¶ 15 Here, the State did not lend a state prosecutor to conduct the prior federal action against Robertson, as in Belcher, nor is there any evidence or allegation that the State referred the case for federal prosecution as a subterfuge, as in Scholz. Taken together, the common thread running through the cases that apply Bartkus is the concern that the prosecutorial powers of two sovereigns have been combined in, or are being directed by, a single sovereign. Because the federal government retained control over its prosecution of Robertson, the Bartkus exception does not preclude the application of the dual sovereignty doctrine in this case, and Robertson's prosecution by the State does not violate the double jeopardy protections of the United States Constitution.

II. Double Jeopardy Under the Utah Constitution

¶ 16 Robertson also argues that even if the federal constitution does not prohibit his subsequent state prosecution, the Utah Constitution's double jeopardy clause does. See Utah Const. art. I, § 12 (“[N]or shall any person be twice put in jeopardy for the same offense.”). Much like its federal counterpart, Utah's double jeopardy clause protects a criminal defendant from “(1) a second prosecution for the same offense after acquittal, (2) a second prosecution for the same offense after conviction, and (3) multiple punishments for the same offense.” State v. Harris, 2004 UT 103, ¶ 24, 104 P.3d 1250 (citation and internal quotation marks omitted)).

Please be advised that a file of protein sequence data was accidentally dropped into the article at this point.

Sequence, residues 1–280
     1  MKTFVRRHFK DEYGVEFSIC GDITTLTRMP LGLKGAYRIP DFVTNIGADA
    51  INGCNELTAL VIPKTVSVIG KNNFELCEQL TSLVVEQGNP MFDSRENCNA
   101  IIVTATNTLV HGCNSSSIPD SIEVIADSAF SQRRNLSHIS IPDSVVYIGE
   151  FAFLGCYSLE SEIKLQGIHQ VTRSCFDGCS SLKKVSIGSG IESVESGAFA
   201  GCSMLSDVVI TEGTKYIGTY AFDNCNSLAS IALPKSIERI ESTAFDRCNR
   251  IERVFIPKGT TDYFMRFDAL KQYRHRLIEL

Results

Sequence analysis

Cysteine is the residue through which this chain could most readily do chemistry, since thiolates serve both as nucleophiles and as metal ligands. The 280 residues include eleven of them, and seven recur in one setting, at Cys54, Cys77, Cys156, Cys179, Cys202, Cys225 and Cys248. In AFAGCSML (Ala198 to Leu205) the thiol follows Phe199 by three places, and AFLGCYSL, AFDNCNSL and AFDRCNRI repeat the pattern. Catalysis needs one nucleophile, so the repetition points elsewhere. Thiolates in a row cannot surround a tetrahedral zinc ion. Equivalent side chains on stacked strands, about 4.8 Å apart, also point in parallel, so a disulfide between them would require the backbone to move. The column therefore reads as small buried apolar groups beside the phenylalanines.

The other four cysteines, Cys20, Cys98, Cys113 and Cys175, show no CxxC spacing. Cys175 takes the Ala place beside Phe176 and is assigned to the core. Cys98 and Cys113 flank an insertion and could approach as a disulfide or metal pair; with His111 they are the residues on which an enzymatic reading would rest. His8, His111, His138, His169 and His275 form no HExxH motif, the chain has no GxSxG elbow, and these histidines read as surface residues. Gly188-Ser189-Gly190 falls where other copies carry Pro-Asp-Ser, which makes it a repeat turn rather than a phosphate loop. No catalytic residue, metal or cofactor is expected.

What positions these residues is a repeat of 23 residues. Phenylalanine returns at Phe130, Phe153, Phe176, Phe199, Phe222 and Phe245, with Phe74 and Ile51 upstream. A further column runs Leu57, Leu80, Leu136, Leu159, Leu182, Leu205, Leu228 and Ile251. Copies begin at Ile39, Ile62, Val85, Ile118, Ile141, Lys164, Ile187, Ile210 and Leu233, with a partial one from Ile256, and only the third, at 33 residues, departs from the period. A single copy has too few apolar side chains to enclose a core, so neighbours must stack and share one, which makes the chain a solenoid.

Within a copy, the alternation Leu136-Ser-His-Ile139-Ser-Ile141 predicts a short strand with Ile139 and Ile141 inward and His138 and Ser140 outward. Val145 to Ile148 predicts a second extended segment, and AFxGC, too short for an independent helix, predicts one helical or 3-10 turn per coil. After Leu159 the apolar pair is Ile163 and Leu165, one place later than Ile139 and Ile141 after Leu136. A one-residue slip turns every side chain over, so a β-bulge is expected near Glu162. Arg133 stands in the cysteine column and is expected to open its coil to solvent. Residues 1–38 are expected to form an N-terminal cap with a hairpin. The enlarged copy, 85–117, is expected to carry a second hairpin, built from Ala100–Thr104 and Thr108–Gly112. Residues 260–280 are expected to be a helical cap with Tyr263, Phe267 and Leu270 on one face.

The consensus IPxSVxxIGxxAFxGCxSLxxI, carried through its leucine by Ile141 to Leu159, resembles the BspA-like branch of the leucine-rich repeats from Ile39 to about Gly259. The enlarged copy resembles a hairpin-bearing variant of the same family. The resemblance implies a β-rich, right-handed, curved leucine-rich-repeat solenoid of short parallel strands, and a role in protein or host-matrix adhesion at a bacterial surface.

¶ 17 As Robertson correctly observes, the Utah Supreme Court has stated that the double jeopardy protections of the Utah Constitution are greater in some respects than those found in the United States Constitution. See id. ¶ 23 (“[T]he double jeopardy guarantees afforded defendants under the Utah Constitution are different from and provide greater protection than those afforded by the United States Constitution.”).4 Robertson argues that those greater protections should prevent the State from prosecuting him where the State opted to present the case to the federal prosecutor rather than commence its own action as an initial matter.